There is an initiative to enable automatic updates of Drupal sites. Most of the work so far is available in the contrib Automatic Updates module. The goal is to make it easier to keep a Drupal site up to date, especially when a security update is released.
This BoF was about the infrastructure behind that initiative. The nightmare scenario is that someone might hack the automatic-update process. Then, instead of making sites more secure by keeping them up to date, the system would install hacked code on every site that was set up for automatic updates.
To avoid this, the Security Team is working on protocols and infrastructure to prevent such hacking. At this BoF, the team discussed adopting The Update Framework (TUF) as the basis for Drupal’s system of automatic updates. This is a standard already adopted by many large companies, and the protocol is very similar to what the Security Team already designed on its own.
Progressively Decoupled Drupal, for everyone!
For my last session, I chose one on web components and HAX, a follow-up to the BoF I attended after lunch.
The four presenters made the case for concentrating front-end development on web components.
- This technology has been under development for years but has only recently been adopted by all the major browsers.
- You can use the components that you develop in your current theme, without the headaches of switching to a fully decoupled site all at once.
- When you are ready to decouple, you will be able to use those components in whichever front-end framework you choose.
- You can also use your web components on completely different systems: WordPress, Gatsby, Jekyll, etc.
- Since the web component lives in its own repository, you can update it in one place and see the effect in hundreds of sites that use the component.
I am not sure exactly how that last point works. Updating to the new component has to be automatic, but not too automatic, since there is a danger that the new version of a web component will break existing sites.
Mentoring & Collaboration
The last day of the camp was devoted to contributing back to Drupal.
I started the day by sitting in on the workshop for first-time contributors, in case AmyJune Hineline, the presenter, had technical questions that a back-end developer and core contributor could answer.
I spent the rest of the day reviewing two issues.
The first issue is one that I have been following for some time: Drupal core should inform the user of the security coverage for the site’s installed minor version including final 8.x LTS releases. The problem is that, with Drupal 9 around the corner, we want to make sure that the site status report advises site administrators to upgrade to that and not to a non-existent version 8.10 when the time comes. The other problem is that the existing code in the core Update module is a bit of a mess, so working with it is a challenge.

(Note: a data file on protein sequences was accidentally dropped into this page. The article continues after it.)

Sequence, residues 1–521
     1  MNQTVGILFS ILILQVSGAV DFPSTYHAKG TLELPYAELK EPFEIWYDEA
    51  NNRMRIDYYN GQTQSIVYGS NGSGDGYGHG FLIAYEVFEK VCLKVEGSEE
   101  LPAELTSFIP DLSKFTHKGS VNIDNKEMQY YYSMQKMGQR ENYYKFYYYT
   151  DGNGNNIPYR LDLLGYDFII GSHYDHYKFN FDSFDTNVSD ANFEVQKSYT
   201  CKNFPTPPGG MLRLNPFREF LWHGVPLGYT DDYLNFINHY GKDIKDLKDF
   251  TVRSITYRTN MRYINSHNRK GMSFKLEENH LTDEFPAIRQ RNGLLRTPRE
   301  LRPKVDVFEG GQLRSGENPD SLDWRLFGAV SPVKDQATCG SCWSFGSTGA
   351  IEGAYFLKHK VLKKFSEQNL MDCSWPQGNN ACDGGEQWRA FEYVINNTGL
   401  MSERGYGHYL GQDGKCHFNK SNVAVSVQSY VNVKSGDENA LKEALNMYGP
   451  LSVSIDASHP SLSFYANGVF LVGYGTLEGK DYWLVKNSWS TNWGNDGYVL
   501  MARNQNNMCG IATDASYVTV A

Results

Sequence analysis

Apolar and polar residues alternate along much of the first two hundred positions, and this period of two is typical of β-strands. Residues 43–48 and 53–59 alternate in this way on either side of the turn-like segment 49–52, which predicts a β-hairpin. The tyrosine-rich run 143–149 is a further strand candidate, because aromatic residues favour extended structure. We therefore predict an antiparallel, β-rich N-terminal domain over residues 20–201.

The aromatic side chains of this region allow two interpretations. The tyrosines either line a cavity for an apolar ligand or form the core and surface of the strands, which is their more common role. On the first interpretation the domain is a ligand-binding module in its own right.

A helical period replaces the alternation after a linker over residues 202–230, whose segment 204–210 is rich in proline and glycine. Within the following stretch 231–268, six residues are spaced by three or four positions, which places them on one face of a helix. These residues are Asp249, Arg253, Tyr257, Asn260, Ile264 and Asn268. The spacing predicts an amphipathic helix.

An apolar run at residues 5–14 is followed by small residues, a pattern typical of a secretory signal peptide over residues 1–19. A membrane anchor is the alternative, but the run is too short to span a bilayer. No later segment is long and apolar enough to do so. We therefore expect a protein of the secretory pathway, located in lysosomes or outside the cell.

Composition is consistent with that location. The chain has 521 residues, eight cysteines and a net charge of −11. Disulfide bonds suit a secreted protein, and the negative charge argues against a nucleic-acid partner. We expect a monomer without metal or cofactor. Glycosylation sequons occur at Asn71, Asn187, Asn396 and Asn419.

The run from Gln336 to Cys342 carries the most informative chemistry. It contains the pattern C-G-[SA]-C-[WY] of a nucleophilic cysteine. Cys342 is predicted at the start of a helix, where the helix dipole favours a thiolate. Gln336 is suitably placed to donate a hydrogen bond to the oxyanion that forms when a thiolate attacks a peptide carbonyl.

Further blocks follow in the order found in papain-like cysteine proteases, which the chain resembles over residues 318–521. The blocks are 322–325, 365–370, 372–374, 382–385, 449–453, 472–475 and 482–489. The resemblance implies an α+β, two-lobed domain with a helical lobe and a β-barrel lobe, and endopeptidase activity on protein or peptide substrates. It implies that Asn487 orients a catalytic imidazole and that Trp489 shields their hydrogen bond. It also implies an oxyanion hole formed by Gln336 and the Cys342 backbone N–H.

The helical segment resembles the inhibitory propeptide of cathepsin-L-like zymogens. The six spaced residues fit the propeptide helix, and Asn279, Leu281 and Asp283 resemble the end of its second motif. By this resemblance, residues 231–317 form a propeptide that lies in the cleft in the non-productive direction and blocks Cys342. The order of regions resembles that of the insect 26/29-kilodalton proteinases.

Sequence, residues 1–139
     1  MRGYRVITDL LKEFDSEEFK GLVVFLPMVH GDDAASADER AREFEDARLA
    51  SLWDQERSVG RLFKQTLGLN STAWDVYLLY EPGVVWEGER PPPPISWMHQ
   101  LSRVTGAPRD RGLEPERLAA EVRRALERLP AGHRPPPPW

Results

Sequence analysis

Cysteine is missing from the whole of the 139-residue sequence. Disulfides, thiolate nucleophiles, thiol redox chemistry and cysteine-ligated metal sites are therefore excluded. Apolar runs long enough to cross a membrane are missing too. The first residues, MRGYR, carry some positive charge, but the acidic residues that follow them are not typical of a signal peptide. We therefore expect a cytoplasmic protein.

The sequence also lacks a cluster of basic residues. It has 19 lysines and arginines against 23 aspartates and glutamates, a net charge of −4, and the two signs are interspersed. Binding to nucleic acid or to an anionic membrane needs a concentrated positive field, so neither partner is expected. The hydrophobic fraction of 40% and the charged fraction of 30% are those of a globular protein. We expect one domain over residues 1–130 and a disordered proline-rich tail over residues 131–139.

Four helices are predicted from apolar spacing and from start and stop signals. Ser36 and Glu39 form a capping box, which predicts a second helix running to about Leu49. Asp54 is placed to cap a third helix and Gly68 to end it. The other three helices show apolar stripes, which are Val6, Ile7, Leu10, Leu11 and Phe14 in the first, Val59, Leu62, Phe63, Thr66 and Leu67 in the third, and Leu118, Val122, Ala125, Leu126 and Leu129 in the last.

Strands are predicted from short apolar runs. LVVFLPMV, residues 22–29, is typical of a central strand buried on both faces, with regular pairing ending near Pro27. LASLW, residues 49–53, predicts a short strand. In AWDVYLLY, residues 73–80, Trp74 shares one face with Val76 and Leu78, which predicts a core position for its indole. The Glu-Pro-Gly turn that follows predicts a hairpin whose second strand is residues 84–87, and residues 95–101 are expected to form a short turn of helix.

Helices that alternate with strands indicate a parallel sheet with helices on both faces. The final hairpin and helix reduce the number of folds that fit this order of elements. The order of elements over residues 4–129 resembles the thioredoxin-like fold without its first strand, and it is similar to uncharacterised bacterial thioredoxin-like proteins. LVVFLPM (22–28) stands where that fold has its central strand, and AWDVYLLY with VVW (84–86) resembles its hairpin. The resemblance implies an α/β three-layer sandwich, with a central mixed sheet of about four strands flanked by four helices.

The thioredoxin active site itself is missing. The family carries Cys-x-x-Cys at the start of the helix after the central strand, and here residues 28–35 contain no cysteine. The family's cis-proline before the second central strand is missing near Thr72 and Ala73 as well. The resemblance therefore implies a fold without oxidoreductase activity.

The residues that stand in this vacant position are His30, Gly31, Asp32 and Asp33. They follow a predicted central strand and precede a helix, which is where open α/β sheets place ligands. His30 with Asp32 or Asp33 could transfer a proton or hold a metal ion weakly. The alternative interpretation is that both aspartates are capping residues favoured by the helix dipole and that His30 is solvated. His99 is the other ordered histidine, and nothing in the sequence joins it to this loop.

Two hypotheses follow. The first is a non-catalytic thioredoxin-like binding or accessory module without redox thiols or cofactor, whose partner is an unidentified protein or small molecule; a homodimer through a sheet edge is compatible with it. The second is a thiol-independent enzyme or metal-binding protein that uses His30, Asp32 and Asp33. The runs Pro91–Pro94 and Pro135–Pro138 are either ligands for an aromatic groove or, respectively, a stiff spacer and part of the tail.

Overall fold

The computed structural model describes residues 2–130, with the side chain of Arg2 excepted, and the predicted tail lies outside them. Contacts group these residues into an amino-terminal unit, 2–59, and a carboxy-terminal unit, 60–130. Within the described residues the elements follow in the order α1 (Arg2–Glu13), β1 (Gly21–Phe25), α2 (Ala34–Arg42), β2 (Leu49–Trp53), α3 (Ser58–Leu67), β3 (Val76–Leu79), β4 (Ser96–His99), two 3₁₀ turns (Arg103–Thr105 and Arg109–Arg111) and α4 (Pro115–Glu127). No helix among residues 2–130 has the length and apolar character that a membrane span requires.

Ted Bowman has been the primary developer for this issue. I have taken on the reviewer role, which means:
- I should not contribute patches myself, and
- My aim is to help Ted and others get their patches to a point where the core committers like what they see.
The second issue was Add more strict checking of hook_update_last_removed() and better explanation. This issue was tagged for usability review, in order to get some advice on the wording of a new error message. As a member of the Drupal Usability team, I often do such reviews, either on my own or at one of our weekly meetings. I am not an expert at UX design in general, but I am pretty good at word-smithing, and I think I was able to suggest an improvement for this issue.
I’ll Be Back!
With a full three-day schedule, DrupalCamp NJ is one of my favorite camps, up there with BADCamp and MidCamp. Since I was giving a training session, this was the first year I participated in all three days.
I got to spend time with some friends like Adam Bergstein and AmyJune Hineline, and I met several new (to me) people: the people who attended my training and my session, and @mixologic, who I have previously only known through issues on drupal.org and on Slack.
I also had a chance to revisit the town and the campus where I spent five years, which brought back some fond (and amusing) memories.
I expect that DrupalCamp NJ will also be my first Drupal camp of 2021.